1. It’s about everyone’s health and safety

YMCA Academy on HuffPo

At the YMCA Academy, we integrate training and concepts by the organization Mindfulness Without Borders. It’s been part of our daily classroom life at the school for almost five years, and is the focus of many of our all-school gatherings. We’re proud to be ahead of the curve in bringing mindfulness training to our students (a practice that the Toronto District School Board began implementing this practice at the beginning of the school year).

In an essay on The Huffington Post, The Connect Group Founder & Executive Director Lee-Anne Gray, PsyD, argues that our school “demonstrates a high level of empathy and compassion for the lived experience of modern students.” She conducted research into the benefits of mindfulness for young people, and her conclusions demonstrate why we continue to make these practices a part of our learning environment:

“[T]he negative effects of traditional education upon students result from stress and pressure that can accumulate as Educational Trauma. When the YMCA Academy adopted Mindfulness Without Borders’ MAC program, it became a nexus for co-learning, promoting 21st century skills and emotional intelligence, while healing Educational Trauma. Beyond innovative, it represents transcendental education for the 21st century.”

Read the full article here.

Nov 20th, 2012 – Academy featured on Global TV

On Monday, November 19th The YMCA Academy was featured on Global TV’s ‘Making a Difference’. The host Susan Hay spent several hours at the Academy in order to experience student life and gain an understanding of our individualized, student focused approach to education. The crew was on site for several hours observing classes (including some fun science experiments!), mindfulness circles, a physical education lesson our state of the art recreation facilities, as well as conducting interviews with our Head of School Don Adams, Central Y Vice President Mehdi Zobeiry and an Academy student who shared his experience of joining The YMCA Academy.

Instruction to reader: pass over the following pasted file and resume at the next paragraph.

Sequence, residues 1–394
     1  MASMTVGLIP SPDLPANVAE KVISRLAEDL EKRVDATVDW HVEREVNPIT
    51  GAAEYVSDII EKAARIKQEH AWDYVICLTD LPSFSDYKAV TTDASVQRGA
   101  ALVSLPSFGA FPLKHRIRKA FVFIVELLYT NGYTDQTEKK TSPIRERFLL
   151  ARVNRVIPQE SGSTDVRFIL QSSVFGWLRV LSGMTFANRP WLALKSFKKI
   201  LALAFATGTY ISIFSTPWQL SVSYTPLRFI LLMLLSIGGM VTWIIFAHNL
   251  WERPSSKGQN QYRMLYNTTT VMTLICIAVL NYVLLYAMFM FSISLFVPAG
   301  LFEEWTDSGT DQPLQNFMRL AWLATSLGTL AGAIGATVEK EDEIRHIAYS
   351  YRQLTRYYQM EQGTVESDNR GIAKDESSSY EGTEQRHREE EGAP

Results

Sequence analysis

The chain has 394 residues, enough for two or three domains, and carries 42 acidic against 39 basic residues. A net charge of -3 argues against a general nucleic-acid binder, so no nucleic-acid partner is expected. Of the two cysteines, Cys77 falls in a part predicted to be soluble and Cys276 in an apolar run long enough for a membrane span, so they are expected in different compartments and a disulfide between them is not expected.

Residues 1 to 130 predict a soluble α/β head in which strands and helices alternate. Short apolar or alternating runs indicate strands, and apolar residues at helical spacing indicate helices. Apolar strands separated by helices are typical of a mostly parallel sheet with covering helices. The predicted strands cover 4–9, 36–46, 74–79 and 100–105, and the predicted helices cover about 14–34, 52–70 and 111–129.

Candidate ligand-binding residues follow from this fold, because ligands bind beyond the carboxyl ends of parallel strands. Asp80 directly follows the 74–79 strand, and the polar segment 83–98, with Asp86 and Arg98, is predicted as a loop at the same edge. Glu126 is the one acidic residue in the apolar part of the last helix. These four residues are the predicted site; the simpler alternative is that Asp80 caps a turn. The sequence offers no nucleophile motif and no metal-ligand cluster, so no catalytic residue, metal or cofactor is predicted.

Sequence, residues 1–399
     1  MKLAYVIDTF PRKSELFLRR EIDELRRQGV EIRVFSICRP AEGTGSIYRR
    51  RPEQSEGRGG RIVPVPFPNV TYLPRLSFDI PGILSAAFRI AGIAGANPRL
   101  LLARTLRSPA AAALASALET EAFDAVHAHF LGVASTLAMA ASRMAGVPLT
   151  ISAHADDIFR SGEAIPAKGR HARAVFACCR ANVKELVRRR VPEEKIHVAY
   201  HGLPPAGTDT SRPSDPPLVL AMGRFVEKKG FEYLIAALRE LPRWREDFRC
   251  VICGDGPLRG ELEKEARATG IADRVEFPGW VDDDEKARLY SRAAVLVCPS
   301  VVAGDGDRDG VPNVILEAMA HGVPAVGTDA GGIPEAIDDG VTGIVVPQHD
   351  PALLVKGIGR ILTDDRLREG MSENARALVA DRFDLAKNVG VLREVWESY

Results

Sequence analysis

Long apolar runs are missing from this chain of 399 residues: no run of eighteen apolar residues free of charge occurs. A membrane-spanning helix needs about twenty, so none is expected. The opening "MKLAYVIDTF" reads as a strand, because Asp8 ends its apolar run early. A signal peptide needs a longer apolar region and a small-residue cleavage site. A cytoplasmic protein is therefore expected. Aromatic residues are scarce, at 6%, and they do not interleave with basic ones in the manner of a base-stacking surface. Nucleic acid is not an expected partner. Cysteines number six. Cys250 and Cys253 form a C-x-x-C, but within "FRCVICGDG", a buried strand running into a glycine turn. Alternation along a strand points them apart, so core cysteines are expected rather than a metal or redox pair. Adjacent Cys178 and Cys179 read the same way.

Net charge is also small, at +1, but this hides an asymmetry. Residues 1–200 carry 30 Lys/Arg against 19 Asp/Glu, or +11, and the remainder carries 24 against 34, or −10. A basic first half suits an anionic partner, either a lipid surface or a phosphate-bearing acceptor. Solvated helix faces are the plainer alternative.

We were thrilled to have Susan Hay and her crew join us in support of our efforts to increase public awareness of learning style differences, learning disabilities and the services available to help young people flourish and succeed.

May 7th, 2012 – People for Education report…

I would usually reserve comment on a major report that’s about to be published until the full report comes out and I’ve had a chance to digest it. But a piece from today’s Toronto Star is so disturbing that I can’t wait.

First, here’s the piece itself:

The title itself is depressing: ‘Caps’ mean special education students not getting help, People for Education report says. How, in 2012, are children with special needs in Ontario not only failing to be served by the public school system, but also not even receiving their PROVINCIALLY-MANDATED RIGHT TO BE TESTED?

As the Head of Toronto’s leading high school for students with learning disabilities and learning style differences, I’m very much in the middle of the fray here. When I read something in this piece like: One Ontario board told its principals there could be “no assessments for this school year since they are trying to catch up on last year’s referrals” it infuriates me and, from the comments I’ve received from people even early this morning, I’m not alone.

You need to read this article. The news only gets worse:

People for Education also found the ratio of special education teachers to students has gone up, from 22:1 in 2000 to 36:1 this year in elementary schools. In high schools, the ratio has jumped from 48:1 to the current 69:1.

69 to ONE?

I hope you’ll forgive a bit of school promotion here on behalf of The YMCA Academy.  Every one of our teachers is special-education trained, our student-to-teacher ratio is under 5:1, and we’ll keep it that way.  Each student at The Academy receives the individualized attention he or she needs and deserves.  And no mission-appropriate child is ever turned away from our school for financial reasons.  We always find a way to help and make it work for the family.

Imagine that you’re the parent of a special-needs child and you read this report.  What would your level of frustration look like?

It’s time for the province to step to the plate and do what’s right here.